Definition and Overview

Auroplasty is a surgical procedure used to repair the ear lobe. It is categorised under otoplasty, an umbrella term used for any cosmetic ear surgery.

Who Should Undergo and Expected Results

Auroplasty is most commonly recommended to patients with stretched or enlarged holes in the ear lobe, or have a torn or split ear lobe. These conditions are typically the result of any of the following:

  • Repeatedly wearing heavy jewellery, specifically earrings
  • The popularity of ear stretching or ear gauging, formerly only seen in African tribes
  • Increasing use of a variety of ear ornaments, including flesh plugs and gauges
  • Trauma, which in worse cases, can result in the hole tearing through the ear lobe.


Auroplasty can also be performed for aesthetic purposes and can be recommended for patients who are bothered by having large ear lobes or have lesions on this part of the ear.

With proper care and wound healing, the hole in the ear lobe eventually closes off. After approximately 3 to 6 months, the ear may be re-pierced but preferably not along the area of the operation.

How is the Procedure Performed?

Auroplasty is a simple procedure performed on an outpatient basis and on average, it takes less than an hour to complete.

After cleansing the area and placing sterile drapes, local anaesthetic is used to numb the surgical site. Once the effects of the anaesthesia have taken effect, the edges of the hole in the ear lobe are incised, making the edges raw and fresh. In some cases where the tear is incomplete, the incision may be extended in order to complete it to facilitate proper wound healing.

There are several techniques for repairing the ear lobe. The simplest kind is a straight excision. However, the problem with this repair is that the scar may eventually shorten through time, resulting in a crunched up appearance of the ear lobe. A frequently used alternative is the Z-plasty, which results in a differently shaped scar.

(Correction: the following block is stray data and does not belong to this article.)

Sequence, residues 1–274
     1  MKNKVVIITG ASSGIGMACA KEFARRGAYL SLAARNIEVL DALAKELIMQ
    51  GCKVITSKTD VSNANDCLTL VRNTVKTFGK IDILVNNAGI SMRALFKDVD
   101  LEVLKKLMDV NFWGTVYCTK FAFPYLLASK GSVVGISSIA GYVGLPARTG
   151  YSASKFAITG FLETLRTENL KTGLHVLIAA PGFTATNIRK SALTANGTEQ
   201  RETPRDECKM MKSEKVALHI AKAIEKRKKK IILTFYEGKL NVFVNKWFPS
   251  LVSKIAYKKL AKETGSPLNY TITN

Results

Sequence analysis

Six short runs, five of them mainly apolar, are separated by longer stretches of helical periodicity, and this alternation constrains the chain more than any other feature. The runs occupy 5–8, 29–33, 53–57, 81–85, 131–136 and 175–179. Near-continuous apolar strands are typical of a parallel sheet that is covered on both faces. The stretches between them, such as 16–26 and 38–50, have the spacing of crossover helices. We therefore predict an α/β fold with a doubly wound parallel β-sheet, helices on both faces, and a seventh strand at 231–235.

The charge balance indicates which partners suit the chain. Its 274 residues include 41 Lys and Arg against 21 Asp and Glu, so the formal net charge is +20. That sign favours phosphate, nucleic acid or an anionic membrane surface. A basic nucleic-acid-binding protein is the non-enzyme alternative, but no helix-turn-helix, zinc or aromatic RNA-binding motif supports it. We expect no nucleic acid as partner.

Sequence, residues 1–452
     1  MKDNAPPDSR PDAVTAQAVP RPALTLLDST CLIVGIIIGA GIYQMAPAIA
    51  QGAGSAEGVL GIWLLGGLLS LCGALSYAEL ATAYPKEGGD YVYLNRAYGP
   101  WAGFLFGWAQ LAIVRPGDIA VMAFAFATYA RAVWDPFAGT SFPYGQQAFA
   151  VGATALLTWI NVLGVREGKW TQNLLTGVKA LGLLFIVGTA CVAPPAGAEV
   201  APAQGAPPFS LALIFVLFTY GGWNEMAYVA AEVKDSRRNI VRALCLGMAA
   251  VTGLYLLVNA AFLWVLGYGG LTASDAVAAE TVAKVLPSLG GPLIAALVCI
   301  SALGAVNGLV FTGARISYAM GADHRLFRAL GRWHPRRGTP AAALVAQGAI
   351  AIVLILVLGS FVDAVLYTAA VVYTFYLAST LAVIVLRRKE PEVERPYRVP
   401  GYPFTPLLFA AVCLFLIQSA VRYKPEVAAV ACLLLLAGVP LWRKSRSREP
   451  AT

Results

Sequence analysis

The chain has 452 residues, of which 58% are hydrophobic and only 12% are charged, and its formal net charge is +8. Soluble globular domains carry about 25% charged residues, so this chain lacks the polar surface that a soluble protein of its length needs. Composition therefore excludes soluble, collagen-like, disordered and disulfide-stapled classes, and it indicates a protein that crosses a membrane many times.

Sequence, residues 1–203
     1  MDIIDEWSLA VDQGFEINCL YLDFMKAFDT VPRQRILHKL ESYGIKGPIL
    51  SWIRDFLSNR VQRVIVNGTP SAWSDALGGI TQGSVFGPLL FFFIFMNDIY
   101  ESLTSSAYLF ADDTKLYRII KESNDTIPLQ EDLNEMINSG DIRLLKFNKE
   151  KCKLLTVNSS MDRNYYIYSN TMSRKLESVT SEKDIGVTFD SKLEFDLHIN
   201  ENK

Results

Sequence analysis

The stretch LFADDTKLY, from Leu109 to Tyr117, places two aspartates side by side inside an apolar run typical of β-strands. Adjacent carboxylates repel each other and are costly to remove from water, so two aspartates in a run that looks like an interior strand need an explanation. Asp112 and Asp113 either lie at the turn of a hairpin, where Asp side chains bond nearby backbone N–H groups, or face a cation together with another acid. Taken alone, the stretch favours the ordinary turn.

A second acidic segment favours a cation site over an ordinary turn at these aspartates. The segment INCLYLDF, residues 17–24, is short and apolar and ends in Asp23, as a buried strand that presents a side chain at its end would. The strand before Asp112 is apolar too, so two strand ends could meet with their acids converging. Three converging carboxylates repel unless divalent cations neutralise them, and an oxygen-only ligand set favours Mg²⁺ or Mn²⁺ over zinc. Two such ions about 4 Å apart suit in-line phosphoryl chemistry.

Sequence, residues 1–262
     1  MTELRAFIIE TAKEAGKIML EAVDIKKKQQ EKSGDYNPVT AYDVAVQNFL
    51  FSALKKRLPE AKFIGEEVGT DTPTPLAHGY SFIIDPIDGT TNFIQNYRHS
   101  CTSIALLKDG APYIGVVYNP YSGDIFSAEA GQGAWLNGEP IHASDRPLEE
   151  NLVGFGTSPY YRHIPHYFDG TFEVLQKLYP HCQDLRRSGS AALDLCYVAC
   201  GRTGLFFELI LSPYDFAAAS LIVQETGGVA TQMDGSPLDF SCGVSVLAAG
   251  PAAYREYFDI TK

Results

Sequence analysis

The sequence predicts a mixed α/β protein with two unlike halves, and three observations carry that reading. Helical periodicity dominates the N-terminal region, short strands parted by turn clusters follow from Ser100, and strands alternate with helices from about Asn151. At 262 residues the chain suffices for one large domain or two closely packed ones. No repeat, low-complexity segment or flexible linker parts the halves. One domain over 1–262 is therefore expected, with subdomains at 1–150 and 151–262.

A suture (stay suture) is drawn through the tip of the defect to approximate its edges. The edges are then joined together, making sure that they are everted. The wound is then closed using simple interrupted sutures anteriorly and posteriorly.

For some patients, a small hole may be left behind so that the patient can still wear an earring. However, some surgeons discourage against the preservation of a hole as it can lead to improper healing and weakness of the wound. Thus, in most cases, the defect is allowed to close completely before having the ear lobe pierced at a later time.

Defects of the ear lobe are fairly simple to repair. However, large defects that involve tissues may require more extensive procedures. In some cases, cartilaginous support may have to be provided and local flaps performed. If necessary, the lower margin of the ear lobe is also reconstructed or reshaped.

Once the procedure is completed, sterile dressing is applied on the wound. The wound may then be left open to dry after about a day. Sutures are removed during a follow-up with the surgeon, usually after 3 to 5 days.

Possible Risks and Complications

Although auroplasty is a simple procedure, complications can still occur. These include:

  • Slight pain and inflammation at the surgical area - These can be adequately managed by anti-inflammatory medications and typically resolve after several days.

  • Bleeding - As with any surgical procedure, bleeding is a concern. Hematoma formation can occur after the operation, manifesting as a lump of blood with associated pain. Significant hematoma should be evacuated immediately.

  • Infection - Antibiotics may be given after the procedure to prevent this complication from occurring. Uncontrolled infection can lead to the formation of abscess and inflammation of the ear cartilage or perichondritis. If not treated, an infection can result in permanent disfigurement of the ear.

  • Wound healing complications - Complications related to wound healing are the most frequently encountered complications in ear surgery. Sensitivity or allergies to suture materials can result in granuloma formation. Most scars after the procedure heal well after some time but patients who are prone to the formation of keloids and hypertrophic scars can develop these unpleasant complications after the procedure.

References:

  • Converse, John Marquis; Nigro, Anthony; Wilson, Frederick A.; Johnson, Norman (1955). "A technique for surgical correction of lop ears". Plastic and Reconstructive Surgery (1946) 15 (5): 411–8.

  • da Silva Freitas, R.; Sanchez, M. E. R.; Manzotti, M. S.; Baras, F.; Ono, M. C. C.; de Oliveira e Cruz, G. A. (2008). "Comparing Cephaloauricular and Scaphaconchal Angles in Prominent Ear Patients and Control Subjects". Aesthetic Plastic Surgery 32

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